Review: Deuter Trans Alpine Pro 26L backpack

support wings are angled upwards so it sits comfortably on the hips

I’m a sucker for bags. Every time a new design comes out, I am bright-eyed at the idea of some new way to get my life together, finally organize all my hopes, dreams and snacks into a compartmentalized, ergonomic and travel-ready sack. Often, those wishes are overshot, or what is marketed in a pack is overshadowed by something sinister. Maybe it’s uncomfortable, or the pockets are the wrong size, or the design is really cool in theory, if only I could crack the code on what that theory is (what are these straps supposed to tie down? What is this pocket for? Why would I want a metal clip on a pressure point?). Everyone wants to be innovative, I get it, but sometimes a backpack is best left as a backpack.

Deuter Trans Alpine Pro 26L backpack did just that. But, like, a really nice backpack. I have a Deuter 60+10L trekking pack and was interested in how this mini cycling pack would compare. There is a lot to love about this backpack. It’s a women-specific design with a shorter frame (the longer mens version is a 28L pack), making sit comfortably on the back, rather than feeling pushed up from my butt or riding up to my skull due to being too long for a shorter torso. It has the same Deuter Airstripes as my trekking pack, with padding that feels almost overbuilt until you do the same all-day off-road ride with another backpack and feel how differently the weight is dispersed. Also similar to a trekking pack, there is a smaller compartment at the bottom of the bag, that can be opened on top to become one big open backpack, rather than a main compartment and bottom compartment. This is a good place to store a bulky jacket, pair of shoes, or a muddy something-or-other you don’t want comingling with the rest of your crap.

hopefully you won’t need these rescue instructions, but Deuter always deut-ifully includes them just in case.

The main compartment opens up nicely for easy access to anything small that may have sunk to the bottom of the bag, not that the bag is that big to begin with, or that it’s likely you will lose a small nugget if you use one of the many convenient smaller pouches. Behind the big compartment and close to the padding is another large pocket that can be used to store a water reservoir (there are all the requisite pouches, securements and hose holes) or a laptop if you are taking the adventurous route to work. Perhaps more interesting is the cellphone pocket that sits low in the pack, behind the reservoir pocket, and stretches just about all the way across, meaning it will withstand all phone updates for the next three years as cell phones grow like Mogwais eating after midnight, ultimately turning not into Gremlins but into equally terrifying and burdensome phonebooth-sized computers we lug everywhere, horrified at the prospect of missing a realtime “like” on an Instagram post….Where was I? Oh yeah, I love pockets that make sense, and this bag has plenty.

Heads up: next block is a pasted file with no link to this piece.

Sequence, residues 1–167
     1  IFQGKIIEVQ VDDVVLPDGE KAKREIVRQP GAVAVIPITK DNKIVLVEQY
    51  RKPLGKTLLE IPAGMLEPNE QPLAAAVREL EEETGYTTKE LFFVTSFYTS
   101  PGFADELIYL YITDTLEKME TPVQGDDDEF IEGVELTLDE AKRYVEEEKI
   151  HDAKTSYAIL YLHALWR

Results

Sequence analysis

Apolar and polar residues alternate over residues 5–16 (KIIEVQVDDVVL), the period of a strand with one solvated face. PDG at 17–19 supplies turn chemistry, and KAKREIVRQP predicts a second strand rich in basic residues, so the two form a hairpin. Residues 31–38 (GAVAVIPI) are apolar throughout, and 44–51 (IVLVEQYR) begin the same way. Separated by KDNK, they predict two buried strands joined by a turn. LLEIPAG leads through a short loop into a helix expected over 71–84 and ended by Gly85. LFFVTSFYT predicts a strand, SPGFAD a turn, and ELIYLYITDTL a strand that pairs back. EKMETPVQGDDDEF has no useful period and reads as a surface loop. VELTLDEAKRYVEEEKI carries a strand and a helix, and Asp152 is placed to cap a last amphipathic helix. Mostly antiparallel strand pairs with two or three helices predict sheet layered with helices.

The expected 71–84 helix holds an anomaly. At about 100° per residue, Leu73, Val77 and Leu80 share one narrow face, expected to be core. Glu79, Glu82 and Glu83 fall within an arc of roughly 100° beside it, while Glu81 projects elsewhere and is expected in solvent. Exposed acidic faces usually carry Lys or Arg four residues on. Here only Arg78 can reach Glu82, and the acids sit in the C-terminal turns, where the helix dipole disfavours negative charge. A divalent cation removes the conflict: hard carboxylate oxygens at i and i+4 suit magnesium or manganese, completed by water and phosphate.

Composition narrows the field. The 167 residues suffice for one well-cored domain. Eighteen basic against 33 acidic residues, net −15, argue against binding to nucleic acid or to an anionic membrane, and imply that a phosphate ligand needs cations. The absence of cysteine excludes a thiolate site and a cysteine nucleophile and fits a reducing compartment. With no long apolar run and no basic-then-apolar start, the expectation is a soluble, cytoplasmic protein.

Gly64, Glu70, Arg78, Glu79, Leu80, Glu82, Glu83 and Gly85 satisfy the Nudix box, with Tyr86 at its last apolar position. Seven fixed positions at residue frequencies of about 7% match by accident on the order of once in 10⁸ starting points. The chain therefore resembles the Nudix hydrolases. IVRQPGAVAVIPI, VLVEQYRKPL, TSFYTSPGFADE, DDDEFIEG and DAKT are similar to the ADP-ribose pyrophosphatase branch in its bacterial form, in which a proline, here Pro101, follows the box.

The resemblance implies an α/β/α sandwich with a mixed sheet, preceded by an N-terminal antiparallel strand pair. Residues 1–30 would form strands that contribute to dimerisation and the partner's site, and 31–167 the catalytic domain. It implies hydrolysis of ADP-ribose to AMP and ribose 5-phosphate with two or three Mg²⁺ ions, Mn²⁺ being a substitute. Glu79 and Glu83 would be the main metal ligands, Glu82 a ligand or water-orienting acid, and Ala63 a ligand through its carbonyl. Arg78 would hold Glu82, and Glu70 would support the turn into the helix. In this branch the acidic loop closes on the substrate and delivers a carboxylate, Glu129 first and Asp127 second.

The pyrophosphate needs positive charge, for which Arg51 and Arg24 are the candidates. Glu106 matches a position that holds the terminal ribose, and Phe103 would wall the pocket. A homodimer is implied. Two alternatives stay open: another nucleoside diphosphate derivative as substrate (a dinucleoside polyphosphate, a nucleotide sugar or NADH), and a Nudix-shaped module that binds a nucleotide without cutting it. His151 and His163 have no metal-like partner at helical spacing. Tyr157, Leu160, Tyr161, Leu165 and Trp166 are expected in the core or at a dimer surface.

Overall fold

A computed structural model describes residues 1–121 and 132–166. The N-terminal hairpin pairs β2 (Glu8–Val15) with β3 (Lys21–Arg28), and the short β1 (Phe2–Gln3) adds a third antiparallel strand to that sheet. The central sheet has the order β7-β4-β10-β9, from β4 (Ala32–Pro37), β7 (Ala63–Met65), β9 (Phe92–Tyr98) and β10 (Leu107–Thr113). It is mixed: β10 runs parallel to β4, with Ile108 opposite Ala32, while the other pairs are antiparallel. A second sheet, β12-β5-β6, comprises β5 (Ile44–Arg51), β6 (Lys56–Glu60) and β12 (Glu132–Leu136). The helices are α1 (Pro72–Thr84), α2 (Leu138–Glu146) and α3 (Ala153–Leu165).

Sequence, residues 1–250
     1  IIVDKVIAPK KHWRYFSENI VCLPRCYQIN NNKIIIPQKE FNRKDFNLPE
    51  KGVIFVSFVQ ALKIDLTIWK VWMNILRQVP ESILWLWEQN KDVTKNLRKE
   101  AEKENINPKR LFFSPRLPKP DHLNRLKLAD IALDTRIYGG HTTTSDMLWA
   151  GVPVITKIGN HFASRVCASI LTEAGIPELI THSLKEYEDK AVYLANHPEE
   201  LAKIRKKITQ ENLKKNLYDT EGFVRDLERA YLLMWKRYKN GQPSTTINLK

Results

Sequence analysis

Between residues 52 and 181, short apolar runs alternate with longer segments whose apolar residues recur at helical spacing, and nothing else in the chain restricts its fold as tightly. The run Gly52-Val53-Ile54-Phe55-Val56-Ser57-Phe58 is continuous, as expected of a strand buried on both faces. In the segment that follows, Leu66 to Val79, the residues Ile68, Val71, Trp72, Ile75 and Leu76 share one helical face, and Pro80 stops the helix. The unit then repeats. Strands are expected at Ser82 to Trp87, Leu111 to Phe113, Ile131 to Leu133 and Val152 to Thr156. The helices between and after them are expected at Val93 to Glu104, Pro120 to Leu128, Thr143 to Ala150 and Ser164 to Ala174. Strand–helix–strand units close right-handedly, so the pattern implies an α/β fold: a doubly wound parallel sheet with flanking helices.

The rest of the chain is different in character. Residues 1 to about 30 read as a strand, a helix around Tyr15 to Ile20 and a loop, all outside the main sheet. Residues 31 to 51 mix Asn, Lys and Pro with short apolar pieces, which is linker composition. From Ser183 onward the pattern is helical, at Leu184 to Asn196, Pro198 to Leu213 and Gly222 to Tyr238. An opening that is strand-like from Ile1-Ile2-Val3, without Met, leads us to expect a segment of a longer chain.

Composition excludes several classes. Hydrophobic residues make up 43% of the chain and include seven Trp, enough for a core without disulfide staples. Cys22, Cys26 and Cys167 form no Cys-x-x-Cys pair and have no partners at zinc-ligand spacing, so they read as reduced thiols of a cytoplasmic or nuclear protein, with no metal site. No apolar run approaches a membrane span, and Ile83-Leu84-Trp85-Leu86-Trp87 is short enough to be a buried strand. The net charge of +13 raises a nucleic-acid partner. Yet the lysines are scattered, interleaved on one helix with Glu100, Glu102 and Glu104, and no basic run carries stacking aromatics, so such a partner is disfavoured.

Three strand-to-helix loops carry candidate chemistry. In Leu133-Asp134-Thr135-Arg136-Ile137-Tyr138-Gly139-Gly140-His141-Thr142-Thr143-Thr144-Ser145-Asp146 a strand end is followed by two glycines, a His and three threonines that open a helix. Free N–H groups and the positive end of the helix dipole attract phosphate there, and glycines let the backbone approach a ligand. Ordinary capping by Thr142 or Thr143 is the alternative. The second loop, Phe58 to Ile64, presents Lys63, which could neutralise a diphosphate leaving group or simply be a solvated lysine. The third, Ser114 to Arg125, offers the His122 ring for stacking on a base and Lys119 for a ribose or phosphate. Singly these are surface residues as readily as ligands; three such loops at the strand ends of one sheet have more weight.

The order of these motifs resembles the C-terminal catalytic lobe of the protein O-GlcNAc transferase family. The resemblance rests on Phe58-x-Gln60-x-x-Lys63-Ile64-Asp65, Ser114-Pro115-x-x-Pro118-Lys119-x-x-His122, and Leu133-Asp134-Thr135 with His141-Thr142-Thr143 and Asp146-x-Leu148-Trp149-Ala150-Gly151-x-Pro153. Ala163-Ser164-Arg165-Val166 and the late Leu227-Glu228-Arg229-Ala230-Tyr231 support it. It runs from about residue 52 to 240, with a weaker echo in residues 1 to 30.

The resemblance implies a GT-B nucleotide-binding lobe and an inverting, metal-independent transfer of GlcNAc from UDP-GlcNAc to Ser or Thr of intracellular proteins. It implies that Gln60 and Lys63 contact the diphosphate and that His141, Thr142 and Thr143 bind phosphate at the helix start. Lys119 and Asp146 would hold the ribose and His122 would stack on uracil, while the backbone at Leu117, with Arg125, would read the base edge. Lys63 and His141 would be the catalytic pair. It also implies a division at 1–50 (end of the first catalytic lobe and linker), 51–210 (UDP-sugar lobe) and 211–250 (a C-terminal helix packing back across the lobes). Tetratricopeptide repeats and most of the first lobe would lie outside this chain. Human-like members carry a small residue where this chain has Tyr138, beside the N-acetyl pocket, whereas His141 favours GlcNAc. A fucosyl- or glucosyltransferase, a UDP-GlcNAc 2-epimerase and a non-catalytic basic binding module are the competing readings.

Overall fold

cellphone pocket as deep as my forearm

Up front, there’s a helmet pouch that can be sinched up pretty close to the bag. I never felt like my helmet was very secure in this pouch, but if you’re riding anything bumpy (or, at all), then you’re likely wearing the helmet anyway. So this is moreso a decent place to keep your helmet if you don’t want it filling with bugs on a lunch stop.

lower compartment for shoes, muddy jacket, or Gigapets you are releasing to the wild.

The last nice details are a little place on the shoulder strap to clip your sunglasses, and a hi-viz rain shell that tucks neatly into its own compartment when not in use. These are really solid features for springtime riding when the weather changes so much it’s hard to stay convinced to get on out there. What about the blinding sun that inevitably disappears? What about snacks that will get soggy from the rain? With so much to worry about in life, those aren’t issues Deuter wants you to fret over.

hi-viz with reflective label for added safety under grey skies

Finally, this backpack is a bit heavy for a typical ride. It has a spring steel frame which, paired with the aforementioned Airstripes and padding, makes it super comfortable and sturdy for long rides or heavy loads (I rode the trails to and from the grocery store for some cookie ingredients and barely felt the substantial weight I was carrying back, even when I slipped onto the more technical section with a few logs and a lip at the end). But for a typical lunch hour ride or quick jaunt, this may be a bit overkill, depending on your carrying preferences.

MSRP $195